All that silly worry and then five days before the launch I slipped on a patch of ice, fell on my face and broke my glasses.

For five days I watched my eye go from midnight blue to aubergine to green to pomegranate. I forgot about what to wear because who was going to notice the suede piping on my pockets when I had that alien eye?


It's become a life lesson. Doesn't matter what you wear. Try to keep yourself intact.



Wednesday, January 28, 2015

Grimms' fairy tale for vegetarians / Straw, Coal, Bean / Strohhalm, Kohle und Bohne

It's been a while since I translated a Grimms' fairy tale. Of course, I'm referring to the book my grandfather sent when I was a child to help keep my German in shape. (Big joke on me: red-hot iron shoes, severed noses, grumbling cauldrons, devils breathing soot. Learn the language, learn what you come from.)

Here's a Grimms' for vegetarians: Straw, Coal and Bean.


In a village there lived an old woman who had gathered some beans and wanted to cook them. She made fire in her stove and so that it would burn more quickly, lit it with a handful of straw.
As she poured the beans in a pot, one fell out. It lay on the floor next to a piece of straw.
Soon after a piece of coal sparked from the stove and fell beside them.
The straw began by saying, "Dear friends, where do you come from?"
The coal answered, "With luck I sprang free from the fire, and if I hadn't been so strong, I would be dead for sure. I would be ash by now."
The bean said, "I just escaped by my skin too. Had the old woman kept me in her pot, I would be mercilessly cooked to mash by now--like my comrades."
"Would my future have been any different?" asked the straw. "The old woman let all my brothers go up in smoke, sixty in one handful--murdered. Fortunately I slipped between her fingers."
"So what shall we do now?" asked the coal.
"Right," said the straw. "Since we all escaped death together, we should stick together, and so that we don't get into any more danger in this perilous place, we should emigrate to a foreign land."

--I kid you not. The words are auswandern--emigrate--and fremdes Land--foreign land.

The suggestion pleased the others and they set out. Soon, though, they came to a small stream, and since there was no bridge or path, they didn't know how to get across.
The straw had a good idea and said, "I will lie down and you can cross on me as if I were a bridge."
The straw stretched itself from one bank to the other, and the coal with its fiery nature scampered across, except that when it got to the middle and heard the water rushing beneath, it became afraid, stopped, and couldn't go farther.
The straw began to burn, broke in two, and fell in the stream. The coal slipped after it, hissed when it hit the water, and gave up the ghost.
The bean had carefully stayed on the bank, but couldn't stop laughing when it saw what had happened, and laughed so hard that it finally burst.
Now, as it happened--perhaps with luck too--a tailor, who was also travelling, had also been resting by the stream and saw what had happened. Since he had a compassionate heart, he took out his needle and thread and sewed the bean together again and the bean thanked him most beautifully.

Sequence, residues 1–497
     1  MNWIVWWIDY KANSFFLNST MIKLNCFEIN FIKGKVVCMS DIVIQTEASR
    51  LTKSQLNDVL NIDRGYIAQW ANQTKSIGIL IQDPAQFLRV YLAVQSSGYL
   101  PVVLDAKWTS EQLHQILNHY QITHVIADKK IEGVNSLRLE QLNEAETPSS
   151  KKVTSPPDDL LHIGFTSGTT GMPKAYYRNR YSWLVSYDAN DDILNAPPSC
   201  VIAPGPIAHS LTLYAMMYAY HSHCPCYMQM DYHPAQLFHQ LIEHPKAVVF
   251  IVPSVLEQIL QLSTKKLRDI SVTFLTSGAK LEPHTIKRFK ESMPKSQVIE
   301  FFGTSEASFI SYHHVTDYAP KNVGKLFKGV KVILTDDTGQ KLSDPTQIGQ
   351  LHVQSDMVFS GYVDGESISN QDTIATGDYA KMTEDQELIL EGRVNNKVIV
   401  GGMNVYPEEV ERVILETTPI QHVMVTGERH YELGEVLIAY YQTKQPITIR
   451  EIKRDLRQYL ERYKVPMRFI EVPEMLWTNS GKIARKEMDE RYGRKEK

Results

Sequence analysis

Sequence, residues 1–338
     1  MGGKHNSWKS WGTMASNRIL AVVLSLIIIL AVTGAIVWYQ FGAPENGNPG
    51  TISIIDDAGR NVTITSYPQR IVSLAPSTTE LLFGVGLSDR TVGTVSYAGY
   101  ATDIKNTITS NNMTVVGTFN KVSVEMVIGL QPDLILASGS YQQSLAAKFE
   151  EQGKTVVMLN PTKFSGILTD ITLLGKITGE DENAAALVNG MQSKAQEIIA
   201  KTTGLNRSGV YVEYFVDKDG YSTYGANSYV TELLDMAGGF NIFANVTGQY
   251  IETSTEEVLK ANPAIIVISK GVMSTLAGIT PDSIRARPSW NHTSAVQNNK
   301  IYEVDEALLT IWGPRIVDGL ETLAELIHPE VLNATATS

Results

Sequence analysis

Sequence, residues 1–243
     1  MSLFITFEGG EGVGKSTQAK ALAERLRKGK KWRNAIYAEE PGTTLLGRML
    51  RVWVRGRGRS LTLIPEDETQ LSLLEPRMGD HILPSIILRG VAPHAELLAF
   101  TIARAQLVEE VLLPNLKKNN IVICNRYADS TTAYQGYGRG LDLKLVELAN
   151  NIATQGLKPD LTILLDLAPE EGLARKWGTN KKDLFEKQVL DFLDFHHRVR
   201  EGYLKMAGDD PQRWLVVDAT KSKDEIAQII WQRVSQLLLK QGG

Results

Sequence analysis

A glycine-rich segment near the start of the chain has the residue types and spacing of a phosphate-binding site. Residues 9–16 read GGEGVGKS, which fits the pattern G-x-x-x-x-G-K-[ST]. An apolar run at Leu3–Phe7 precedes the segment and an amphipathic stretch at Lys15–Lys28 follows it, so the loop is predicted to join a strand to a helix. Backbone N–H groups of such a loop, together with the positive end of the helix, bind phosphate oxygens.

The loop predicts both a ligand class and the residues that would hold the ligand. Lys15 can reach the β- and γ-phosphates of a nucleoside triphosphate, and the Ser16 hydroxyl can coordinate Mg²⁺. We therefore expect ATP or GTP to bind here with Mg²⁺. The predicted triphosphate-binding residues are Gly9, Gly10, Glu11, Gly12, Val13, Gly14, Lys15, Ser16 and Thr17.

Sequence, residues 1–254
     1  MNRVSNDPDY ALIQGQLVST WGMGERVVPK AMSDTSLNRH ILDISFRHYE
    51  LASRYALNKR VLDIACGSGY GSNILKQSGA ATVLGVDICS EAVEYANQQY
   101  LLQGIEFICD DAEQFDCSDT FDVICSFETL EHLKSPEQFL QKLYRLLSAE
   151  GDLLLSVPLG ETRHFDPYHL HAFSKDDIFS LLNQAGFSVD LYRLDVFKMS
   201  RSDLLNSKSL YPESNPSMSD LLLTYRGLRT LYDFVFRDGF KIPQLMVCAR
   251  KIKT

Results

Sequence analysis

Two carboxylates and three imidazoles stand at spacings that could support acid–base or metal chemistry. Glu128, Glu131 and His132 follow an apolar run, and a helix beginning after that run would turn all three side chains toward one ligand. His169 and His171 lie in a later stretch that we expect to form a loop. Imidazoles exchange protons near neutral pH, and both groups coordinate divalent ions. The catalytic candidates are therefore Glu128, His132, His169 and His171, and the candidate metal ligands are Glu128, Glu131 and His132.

However, since the tailor had used black thread, that explains why since then some beans have a black stitch.


Thursday, January 22, 2015

hey guy, nice scarf

I was on the metro today--which in Montreal means the subway--standing next to a guy who had a nice scarf. Heathery green. Soft.
Probably because I was on the way to Spanish class I looked at his scarf and thought bufanda.
Then, since I live in Montreal, I thought écharpe.
And while I was playing with words anyhow, I tried to remember what the German was.
Halstuch. Hals = neck. Tuch = cloth.
I'm an etymology geek and I grew up speaking a language that can't give me anything more interesting than neckcloth?

Here, to console me, is a painting by one of my favourite German painters, Gabriele Münter. I saw the painting in Munich in 1986. It was painted in 1911. The man in the painting--maybe Wassily Kandinsky--is not wearing a neckcloth.


Monday, January 12, 2015

mechanical heart valves 3 years ago


Three years ago today my heart was stopped and the surgeons were doing wizardry in my chest cavity. It still somewhat freaks me out.
We, as humans, tend to believe we are what we feel and think. Fact is: we are mired in sacks of flesh, slosh, organs, muscles and bones. Take that away and what happens to all the fine ideals and quintessential perceptions? They don't get far.

For anyone else who has had mechanical valves installed and wants to compare notes: yeah, they make one heck of racket. My chest sounds like a clock ticking inside a cabinet, which you might call a grandfather clock, but I call a grandmother clock since I'm a woman. The tick has a pitch like a porcelain castanet. Since I have two valves--one that opens, one that closes--I get two clicks per minute. I've had to get used to what sounds like very rapid beating of the heart. Sometimes it annoys me. It is so INCESSANT. I'm trying to read and I have this constant click, click, click, click, click, click, click... I tell it to shut up. Except I don't want that either.

In terms of cardiac fitness--again, for anyone else who's going to have or has had the surgery--I think I'm doing all right. I walk approx 2 hrs/day at a reasonably brisk pace. Ideally I'd like to go swimming but I don't like the aggressive swimmers in the community pool, the upheaval of swimsuits, bathing caps, chlorine stink, wet towels. I had thought I might start jogging after the surgery but the beta blockers don't allow that. In the summer I cycle.

I continue to be grateful I live at a time when the technology has been developed to help people like myself, and in a country where medicare extends to all and I did not have to pay for the hospitalization, the surgery nor the fancy porcelain castanets.